Next week, two colleagues and I will score the writing section. In addition, because of my out-of-classroom position, I was pulled out of my teaching program to assist with the organization of the state ELA and math testing materials and to proctor the exams, including make-up tests. All of this state test work, which I recorded in my plan book, adds up to 40 days. On these days my ESL students - many of whom are beginning ELLs and struggling students - were deprived of my services.
What do you think? How much of your school year has been consumed by testing? What is YOUR response?
Picture our public schools in the year 2018. What follows is an attempt to see a few short years into the future, to understand how current reform proposals may develop.
I have been highly skeptical about the proposals from the Gates Foundation regarding teacher evaluation, because they do not correspond with how I have seen teachers collaborate and grow together. There is the language of feedback and growth, but I am fearful of a dystopian outline I see emerging, driven by Gates' technocratic vision. The "system" has been described in vague terms - elements of student and parent feedback, teacher observations, videotapes - and a $5 billion price tag. To offer some perspective, assuming there are five million classrooms in America, that amounts to about $1000 per classroom. What is all this money going to buy?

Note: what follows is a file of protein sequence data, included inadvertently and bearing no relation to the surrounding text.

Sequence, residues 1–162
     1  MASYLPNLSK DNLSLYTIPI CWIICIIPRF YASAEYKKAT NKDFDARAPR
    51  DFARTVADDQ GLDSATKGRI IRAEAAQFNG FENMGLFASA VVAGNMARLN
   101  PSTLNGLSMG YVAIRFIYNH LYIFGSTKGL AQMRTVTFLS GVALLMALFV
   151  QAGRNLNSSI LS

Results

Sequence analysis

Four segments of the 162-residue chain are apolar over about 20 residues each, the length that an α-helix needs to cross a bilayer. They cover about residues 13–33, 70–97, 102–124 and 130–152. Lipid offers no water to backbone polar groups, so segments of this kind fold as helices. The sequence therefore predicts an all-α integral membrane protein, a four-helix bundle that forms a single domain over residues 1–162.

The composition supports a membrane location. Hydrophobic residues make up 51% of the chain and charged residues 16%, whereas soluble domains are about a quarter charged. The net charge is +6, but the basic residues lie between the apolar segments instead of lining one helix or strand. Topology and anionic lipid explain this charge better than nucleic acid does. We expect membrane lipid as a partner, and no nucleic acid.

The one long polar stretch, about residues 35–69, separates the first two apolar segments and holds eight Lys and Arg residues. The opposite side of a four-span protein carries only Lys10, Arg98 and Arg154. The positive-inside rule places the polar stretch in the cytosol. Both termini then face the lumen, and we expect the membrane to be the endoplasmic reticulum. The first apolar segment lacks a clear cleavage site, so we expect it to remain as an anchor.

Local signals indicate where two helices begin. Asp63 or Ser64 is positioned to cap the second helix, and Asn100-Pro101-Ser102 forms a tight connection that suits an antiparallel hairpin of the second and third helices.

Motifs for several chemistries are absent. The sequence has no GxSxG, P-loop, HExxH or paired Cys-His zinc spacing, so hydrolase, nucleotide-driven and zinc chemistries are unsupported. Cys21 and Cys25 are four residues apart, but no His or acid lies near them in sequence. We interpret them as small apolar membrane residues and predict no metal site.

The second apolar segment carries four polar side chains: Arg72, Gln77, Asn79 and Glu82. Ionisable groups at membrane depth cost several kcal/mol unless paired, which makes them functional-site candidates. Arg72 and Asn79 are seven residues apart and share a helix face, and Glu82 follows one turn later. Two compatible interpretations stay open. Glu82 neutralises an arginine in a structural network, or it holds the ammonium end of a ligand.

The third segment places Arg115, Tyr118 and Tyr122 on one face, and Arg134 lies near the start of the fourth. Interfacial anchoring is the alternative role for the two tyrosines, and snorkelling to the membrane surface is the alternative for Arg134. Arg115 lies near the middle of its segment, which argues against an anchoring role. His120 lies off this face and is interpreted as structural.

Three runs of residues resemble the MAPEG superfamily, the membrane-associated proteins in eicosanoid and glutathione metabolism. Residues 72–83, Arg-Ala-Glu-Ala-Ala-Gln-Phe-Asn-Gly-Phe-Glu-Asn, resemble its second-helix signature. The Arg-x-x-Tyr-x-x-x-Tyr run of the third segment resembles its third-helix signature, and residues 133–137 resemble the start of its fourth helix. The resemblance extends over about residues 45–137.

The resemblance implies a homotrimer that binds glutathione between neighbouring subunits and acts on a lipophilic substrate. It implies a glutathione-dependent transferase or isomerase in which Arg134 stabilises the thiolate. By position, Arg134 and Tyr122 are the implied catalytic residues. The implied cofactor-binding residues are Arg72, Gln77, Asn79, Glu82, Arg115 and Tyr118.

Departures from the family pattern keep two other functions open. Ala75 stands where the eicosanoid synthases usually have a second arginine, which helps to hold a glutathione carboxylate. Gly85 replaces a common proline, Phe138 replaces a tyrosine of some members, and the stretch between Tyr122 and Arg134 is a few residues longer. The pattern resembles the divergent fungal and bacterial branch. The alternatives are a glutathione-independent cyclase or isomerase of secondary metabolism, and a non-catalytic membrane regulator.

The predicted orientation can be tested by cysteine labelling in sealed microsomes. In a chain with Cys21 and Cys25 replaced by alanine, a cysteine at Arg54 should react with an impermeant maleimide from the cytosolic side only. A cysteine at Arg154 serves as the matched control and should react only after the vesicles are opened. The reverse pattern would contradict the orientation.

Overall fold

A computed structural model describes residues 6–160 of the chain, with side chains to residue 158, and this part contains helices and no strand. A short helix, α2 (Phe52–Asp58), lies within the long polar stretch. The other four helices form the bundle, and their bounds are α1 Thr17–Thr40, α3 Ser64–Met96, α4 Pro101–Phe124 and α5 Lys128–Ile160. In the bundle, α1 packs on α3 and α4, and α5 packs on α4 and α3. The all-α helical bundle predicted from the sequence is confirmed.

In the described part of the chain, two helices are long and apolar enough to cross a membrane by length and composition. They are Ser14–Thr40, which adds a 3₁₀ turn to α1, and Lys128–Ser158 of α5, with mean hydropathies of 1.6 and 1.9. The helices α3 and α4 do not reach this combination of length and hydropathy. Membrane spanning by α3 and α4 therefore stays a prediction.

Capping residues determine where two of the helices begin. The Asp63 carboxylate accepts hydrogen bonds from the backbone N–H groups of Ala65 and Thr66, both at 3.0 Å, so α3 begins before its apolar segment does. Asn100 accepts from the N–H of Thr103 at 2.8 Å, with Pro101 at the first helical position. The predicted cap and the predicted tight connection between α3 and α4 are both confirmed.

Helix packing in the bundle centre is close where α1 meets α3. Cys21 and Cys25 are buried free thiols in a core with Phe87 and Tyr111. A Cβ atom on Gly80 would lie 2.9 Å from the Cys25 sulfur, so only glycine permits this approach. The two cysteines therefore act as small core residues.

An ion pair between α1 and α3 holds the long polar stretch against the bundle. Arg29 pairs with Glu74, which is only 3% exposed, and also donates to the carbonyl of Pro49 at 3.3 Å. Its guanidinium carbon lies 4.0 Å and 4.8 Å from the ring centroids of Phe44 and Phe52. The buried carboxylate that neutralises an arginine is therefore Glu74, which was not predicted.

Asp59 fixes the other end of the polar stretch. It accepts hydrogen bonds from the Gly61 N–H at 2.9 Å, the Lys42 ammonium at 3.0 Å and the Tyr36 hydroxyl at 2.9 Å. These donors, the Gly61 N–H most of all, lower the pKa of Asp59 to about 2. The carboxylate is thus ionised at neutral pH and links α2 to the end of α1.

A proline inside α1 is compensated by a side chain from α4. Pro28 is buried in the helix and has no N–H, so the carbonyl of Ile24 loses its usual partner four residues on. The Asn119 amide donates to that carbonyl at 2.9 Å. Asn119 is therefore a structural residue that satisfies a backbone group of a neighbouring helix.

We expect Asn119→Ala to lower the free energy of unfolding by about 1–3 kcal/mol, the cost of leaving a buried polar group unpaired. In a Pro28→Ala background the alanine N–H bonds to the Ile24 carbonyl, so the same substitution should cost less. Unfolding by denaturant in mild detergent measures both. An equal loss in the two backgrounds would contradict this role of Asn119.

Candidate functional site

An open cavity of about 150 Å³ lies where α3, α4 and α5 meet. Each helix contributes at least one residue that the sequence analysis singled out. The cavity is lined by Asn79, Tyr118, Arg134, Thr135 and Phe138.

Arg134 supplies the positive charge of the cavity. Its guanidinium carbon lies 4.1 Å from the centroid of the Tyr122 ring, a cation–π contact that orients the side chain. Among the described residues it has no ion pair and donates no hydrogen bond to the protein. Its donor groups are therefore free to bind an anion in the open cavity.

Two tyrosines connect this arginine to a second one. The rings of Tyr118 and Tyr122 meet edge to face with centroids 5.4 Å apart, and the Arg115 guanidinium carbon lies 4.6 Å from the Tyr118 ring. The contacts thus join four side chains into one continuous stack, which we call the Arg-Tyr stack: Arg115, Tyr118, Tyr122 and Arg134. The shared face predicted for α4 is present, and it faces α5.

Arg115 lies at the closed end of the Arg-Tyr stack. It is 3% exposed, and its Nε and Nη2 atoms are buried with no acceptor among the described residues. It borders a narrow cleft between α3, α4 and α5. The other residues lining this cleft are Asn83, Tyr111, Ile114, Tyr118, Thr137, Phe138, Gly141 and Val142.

I want to describe the possible future I see, and I want to hear from others. Do you see what I see? Am I wrong to be uneasy or even fearful of this?
Here is the outline I find a bit scary.
The year is 2018. We have a national system of standards, curriculum, technological enhancements and high stakes tests, all aligned and built out (as described by Bill Gates in 2009.) Teachers arrive at school and are handed not just the keys to the classroom, but the whole year's curriculum, which has been developed by "experts" and "innovators" - meaning textbook publishers and educational software developers. There is an optimum way to deliver each lesson, as has been determined by field testing, and teachers are told to watch a video to ensure they know how it ought to be delivered.
There is a detailed timeline, to make sure that students cover all the material required for each grade level, so they stay on track for college and career. Much of the instruction is done online, in large "flipped" classrooms. "Personalization" is achieved by having each student work autonomously, using educational software, taking periodic assessments to track their progress. Student essays are uploaded to automated scoring systems, which quickly and efficiently return detailed feedback on punctuation and sentence structure, but offer no capacity for understanding what the student has attempted to communicate. Teachers become managers of this interface between students and the standardized curriculum.